Spotlight On: Spring Bulbs Part 1


Scientific Name: Tulipa

Plant Type: Perennial

Sun: Sun, Part Sun

Bloom Time:  Spring

Bloom Color: White, Red, Pink, Purple, Orange, Yellow, Green

Height:  1 to 3 feet

Tulips are the most popular spring bulbs coming in a wide variety of colors and sizes.  From the classic tulip to the ruffled or double tulips, there are lots of choices of what to plant. Depending on the variety of tulip, they can bloom in early spring or as late as early summer.

Plant your tulips in the fall, about six to eight weeks before a hard frost, when the soil is below 60 degrees (Typically this falls in late September or October). To get the best results, plant tulip bulbs in an area with full sun and well-drained soil. Tulips are a favorites of squirrels and other critters, so be sure to sprinkle the bulbs with an animal repellant like bone meal, dried blood, Repels All or even use chicken wire to protect the bulbs from being dug up.




Common Name: Daffodils, Jonquils

Plant Type: Perennial

Sun: Sun, Part Sun

Bloom Time:  Spring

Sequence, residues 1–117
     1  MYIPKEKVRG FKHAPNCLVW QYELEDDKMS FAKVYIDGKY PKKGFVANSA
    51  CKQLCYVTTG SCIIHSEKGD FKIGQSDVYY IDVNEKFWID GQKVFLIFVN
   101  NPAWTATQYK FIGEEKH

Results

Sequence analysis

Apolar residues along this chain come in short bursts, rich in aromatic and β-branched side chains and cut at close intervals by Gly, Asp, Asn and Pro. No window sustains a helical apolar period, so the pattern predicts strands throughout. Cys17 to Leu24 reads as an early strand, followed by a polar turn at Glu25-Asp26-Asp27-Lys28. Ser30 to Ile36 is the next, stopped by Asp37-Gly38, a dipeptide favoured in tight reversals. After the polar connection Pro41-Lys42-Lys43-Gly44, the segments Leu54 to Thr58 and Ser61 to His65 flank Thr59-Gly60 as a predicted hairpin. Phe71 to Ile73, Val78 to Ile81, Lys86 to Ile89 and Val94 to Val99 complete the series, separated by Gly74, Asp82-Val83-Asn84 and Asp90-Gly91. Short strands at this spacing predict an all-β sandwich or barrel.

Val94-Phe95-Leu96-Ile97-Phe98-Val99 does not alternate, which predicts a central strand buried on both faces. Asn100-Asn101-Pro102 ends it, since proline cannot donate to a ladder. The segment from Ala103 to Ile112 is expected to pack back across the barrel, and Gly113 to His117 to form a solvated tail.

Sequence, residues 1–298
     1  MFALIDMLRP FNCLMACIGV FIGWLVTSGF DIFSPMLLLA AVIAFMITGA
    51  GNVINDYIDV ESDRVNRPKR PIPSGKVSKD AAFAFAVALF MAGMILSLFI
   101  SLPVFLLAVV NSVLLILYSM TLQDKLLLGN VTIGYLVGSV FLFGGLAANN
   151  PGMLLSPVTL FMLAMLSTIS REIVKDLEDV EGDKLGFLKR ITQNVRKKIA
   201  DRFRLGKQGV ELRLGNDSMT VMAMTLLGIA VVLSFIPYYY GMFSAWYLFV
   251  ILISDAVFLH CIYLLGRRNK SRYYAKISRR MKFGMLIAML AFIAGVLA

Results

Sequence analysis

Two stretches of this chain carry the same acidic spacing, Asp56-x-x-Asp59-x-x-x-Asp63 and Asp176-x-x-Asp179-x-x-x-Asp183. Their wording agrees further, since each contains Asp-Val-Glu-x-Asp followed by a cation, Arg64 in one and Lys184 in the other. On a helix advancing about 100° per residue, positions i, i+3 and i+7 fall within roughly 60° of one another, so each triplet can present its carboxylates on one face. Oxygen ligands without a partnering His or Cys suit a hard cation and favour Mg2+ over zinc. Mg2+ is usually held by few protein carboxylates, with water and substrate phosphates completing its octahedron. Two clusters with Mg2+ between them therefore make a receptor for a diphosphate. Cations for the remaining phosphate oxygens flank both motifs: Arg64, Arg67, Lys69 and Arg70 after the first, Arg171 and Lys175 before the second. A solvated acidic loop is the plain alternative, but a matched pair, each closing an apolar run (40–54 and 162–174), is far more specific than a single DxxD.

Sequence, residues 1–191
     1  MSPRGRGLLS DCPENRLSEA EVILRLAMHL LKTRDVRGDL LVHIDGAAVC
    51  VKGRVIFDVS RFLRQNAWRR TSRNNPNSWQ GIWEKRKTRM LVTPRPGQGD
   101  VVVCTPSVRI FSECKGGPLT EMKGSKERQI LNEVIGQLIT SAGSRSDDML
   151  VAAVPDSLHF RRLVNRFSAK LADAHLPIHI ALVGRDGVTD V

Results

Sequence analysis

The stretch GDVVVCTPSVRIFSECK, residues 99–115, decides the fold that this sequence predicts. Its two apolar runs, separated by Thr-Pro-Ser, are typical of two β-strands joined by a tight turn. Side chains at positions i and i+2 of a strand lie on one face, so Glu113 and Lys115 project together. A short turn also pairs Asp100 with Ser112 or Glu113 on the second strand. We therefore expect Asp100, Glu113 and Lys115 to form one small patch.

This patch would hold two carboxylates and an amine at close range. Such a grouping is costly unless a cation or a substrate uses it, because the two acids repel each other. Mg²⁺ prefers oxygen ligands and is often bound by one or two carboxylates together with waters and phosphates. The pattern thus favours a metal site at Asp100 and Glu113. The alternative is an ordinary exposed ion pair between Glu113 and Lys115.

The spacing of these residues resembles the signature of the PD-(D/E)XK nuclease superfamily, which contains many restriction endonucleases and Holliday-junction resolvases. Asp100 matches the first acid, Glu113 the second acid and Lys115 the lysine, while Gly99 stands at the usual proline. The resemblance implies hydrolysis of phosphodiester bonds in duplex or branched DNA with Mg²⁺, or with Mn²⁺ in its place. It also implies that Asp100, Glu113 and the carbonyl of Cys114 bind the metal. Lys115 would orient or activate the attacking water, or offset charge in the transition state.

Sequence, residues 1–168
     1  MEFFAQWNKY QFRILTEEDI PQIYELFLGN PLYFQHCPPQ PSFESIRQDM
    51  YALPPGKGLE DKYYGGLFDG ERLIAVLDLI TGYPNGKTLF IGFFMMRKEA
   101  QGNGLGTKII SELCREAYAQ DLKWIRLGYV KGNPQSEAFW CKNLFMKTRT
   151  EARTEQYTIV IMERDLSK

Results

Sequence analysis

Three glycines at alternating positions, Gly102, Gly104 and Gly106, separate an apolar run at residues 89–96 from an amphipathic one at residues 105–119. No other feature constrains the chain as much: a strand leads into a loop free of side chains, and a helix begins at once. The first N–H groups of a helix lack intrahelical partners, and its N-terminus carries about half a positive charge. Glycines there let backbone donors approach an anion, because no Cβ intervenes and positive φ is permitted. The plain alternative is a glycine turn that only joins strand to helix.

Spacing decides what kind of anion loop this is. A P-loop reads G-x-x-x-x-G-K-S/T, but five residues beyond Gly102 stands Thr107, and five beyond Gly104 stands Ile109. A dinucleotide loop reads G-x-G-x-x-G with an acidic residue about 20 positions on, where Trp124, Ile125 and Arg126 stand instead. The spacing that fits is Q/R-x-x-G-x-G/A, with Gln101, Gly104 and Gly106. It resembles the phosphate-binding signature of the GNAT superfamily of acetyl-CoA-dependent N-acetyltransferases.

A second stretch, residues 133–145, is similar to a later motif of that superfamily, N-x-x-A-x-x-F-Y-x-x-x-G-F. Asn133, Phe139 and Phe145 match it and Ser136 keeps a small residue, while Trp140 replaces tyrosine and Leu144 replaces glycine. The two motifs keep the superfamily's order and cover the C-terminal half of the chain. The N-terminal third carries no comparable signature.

Bloom Color: Orange, Yellow, Gold, White, Pink

Height:  1 to3 feet

Narcissus bulbs are commonly referred to as daffodils. They come in a variety of varying from the classic white and yellow to an orange or peach colored flower as well.  Their flowers size and shape can range, too.  From the miniature tete-a-tete narcissus to the more unusual double ruffled center daffodil, there’s a wide variety to choose from.

Much like tulips, narcissus like to be planted in full to part sun and soil that is well-drained. Once they have bloomed in the spring, allow them to die back naturally. This gives them time to store up energy in their bulbs for next year. 


Scientific Name: Scilla siberica

Common Name: Siberian squill, blue squill

Plant Type: Perennial

Sun: Part Sun, Part Shade

Bloom Time:  Spring

Bloom Color: Blue

Height:  4 to 6 inches                                    

Every spring, little blue flowers emerge and spread across yards, and we have customers coming in to buy some.  And each year, we tell them to come back in the fall to plant these beautiful spring bulbs called Scilla.

Scilla likes to be planted in part shade areas, though in the spring, there isn’t a lot of shade to be had when the leaves are still emerging.  These bulbs also do well in rock gardens and spread from year to year, helping to create a blanket of blue for the spring.

Christian Goers